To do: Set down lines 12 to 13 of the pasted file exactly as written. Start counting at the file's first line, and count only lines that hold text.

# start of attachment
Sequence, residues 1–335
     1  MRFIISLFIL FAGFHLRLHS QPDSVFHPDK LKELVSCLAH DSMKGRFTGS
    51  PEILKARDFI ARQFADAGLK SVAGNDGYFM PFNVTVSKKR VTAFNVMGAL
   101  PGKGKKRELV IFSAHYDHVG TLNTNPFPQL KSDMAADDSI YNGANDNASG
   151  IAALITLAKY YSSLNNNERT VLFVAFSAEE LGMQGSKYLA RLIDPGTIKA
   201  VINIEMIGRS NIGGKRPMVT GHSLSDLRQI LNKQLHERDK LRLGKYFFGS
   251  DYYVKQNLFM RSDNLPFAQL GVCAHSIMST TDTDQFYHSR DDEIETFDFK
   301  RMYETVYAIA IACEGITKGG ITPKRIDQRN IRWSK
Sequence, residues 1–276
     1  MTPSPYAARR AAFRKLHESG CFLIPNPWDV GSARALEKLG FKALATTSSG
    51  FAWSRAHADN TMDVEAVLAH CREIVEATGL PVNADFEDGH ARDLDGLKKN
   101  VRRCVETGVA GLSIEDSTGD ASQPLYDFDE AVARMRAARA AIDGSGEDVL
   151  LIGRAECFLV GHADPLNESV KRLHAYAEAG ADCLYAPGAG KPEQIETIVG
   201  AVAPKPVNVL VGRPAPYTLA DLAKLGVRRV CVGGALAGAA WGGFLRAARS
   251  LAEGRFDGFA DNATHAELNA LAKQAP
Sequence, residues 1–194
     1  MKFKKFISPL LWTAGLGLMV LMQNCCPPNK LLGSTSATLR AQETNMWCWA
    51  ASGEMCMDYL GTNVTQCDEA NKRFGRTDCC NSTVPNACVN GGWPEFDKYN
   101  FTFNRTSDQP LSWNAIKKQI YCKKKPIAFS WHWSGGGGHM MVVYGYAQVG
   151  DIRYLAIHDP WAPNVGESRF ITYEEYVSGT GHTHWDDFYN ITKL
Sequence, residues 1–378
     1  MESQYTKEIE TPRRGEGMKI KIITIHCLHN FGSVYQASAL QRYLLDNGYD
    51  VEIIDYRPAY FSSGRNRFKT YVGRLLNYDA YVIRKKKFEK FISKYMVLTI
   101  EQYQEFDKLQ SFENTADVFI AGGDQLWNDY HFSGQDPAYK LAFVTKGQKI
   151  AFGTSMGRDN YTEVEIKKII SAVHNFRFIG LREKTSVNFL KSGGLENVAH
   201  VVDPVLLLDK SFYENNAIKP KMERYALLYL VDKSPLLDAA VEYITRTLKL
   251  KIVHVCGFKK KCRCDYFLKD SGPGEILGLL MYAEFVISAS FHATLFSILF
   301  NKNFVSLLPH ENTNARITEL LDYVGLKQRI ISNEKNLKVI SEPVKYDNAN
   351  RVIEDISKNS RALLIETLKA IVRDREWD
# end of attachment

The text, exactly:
   101  VRRCVETGVA GLSIEDSTGD ASQPLYDFDE AVARMRAARA AIDGSGEDVL
   151  LIGRAECFLV GHADPLNESV KRLHAYAEAG ADCLYAPGAG KPEQIETIVG